WASHINGTON -- The House overwhelmingly approved legislation last week that would provide $38.3 billion for transportation projects in fiscal 1995, including $19.8 billion for highways and $4.7 billion for mass transit projects.
The amount included for highways in the fiscal year that begins on Oct. 1 is $162 million below currrent-year levels, but the funding included for transit projects next year is $141 million over 1994 levels.
The spending bill was approved last Thursday evening on a 362-to-59 vote and emerged from the House with only one major change from the version passed by the Appropriations Committee two weeks ago. The House voted, 234 to 192, to abolish the Interstate Commerce Commission and transfer its duties to the Transportation Department.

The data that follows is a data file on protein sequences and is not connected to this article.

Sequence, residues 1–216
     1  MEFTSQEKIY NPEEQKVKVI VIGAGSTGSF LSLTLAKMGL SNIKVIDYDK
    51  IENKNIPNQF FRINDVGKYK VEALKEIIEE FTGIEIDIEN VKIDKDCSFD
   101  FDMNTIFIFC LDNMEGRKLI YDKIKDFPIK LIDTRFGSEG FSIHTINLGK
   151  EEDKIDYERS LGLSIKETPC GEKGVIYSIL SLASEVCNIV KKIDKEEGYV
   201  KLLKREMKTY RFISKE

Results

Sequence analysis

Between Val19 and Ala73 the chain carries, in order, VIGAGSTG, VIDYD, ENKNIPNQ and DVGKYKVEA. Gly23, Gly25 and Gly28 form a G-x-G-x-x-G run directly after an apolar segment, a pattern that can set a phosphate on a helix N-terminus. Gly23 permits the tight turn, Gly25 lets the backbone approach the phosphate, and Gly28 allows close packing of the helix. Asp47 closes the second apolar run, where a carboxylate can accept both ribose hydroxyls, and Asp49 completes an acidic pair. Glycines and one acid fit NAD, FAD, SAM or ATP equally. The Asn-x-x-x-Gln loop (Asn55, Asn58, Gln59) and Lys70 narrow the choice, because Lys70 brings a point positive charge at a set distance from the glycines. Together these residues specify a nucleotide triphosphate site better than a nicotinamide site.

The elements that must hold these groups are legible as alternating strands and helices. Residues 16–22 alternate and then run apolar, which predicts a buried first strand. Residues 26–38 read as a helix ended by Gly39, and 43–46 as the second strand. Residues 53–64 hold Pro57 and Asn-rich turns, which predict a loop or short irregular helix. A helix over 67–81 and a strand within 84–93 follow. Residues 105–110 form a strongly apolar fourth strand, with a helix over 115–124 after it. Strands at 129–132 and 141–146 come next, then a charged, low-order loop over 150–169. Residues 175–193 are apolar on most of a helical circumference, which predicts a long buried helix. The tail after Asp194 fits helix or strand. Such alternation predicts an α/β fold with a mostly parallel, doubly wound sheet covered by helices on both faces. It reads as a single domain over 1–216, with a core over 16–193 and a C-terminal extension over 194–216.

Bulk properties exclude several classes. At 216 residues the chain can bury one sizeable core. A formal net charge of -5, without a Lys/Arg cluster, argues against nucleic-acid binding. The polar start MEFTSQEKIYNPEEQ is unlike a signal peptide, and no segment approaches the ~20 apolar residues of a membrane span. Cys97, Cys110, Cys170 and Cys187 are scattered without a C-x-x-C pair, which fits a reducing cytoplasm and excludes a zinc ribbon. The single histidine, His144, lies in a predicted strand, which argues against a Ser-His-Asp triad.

The commission, which has a $43 million budget, regulates bus and freight rail rates. The transportation department will receive $26 million of the budget to run the program.
The National Governors' Association charged earlier that spending levels in the overall measure are inadequate for the needs of states.
Jim Martin, who heads the association's state-federal relations office, said the lower funding levels show the Clinton Administration's lack of commitment to infrastructure investment.
The Senate Appropriations Committee is expected to act on its version of the spending measure in the next few weeks, a Senate aide said.